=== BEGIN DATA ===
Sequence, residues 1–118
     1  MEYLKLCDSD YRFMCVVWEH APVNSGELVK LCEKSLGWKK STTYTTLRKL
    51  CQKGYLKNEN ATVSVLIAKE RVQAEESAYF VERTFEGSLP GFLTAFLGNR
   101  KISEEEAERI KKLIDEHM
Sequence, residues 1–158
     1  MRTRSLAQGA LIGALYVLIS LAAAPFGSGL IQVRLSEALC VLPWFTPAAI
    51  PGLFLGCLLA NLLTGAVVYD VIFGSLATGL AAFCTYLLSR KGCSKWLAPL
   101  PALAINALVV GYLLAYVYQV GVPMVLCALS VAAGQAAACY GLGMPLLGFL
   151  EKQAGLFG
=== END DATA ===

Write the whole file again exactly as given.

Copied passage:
Sequence, residues 1–118
     1  MEYLKLCDSD YRFMCVVWEH APVNSGELVK LCEKSLGWKK STTYTTLRKL
    51  CQKGYLKNEN ATVSVLIAKE RVQAEESAYF VERTFEGSLP GFLTAFLGNR
   101  KISEEEAERI KKLIDEHM
Sequence, residues 1–158
     1  MRTRSLAQGA LIGALYVLIS LAAAPFGSGL IQVRLSEALC VLPWFTPAAI
    51  PGLFLGCLLA NLLTGAVVYD VIFGSLATGL AAFCTYLLSR KGCSKWLAPL
   101  PALAINALVV GYLLAYVYQV GVPMVLCALS VAAGQAAACY GLGMPLLGFL
   151  EKQAGLFG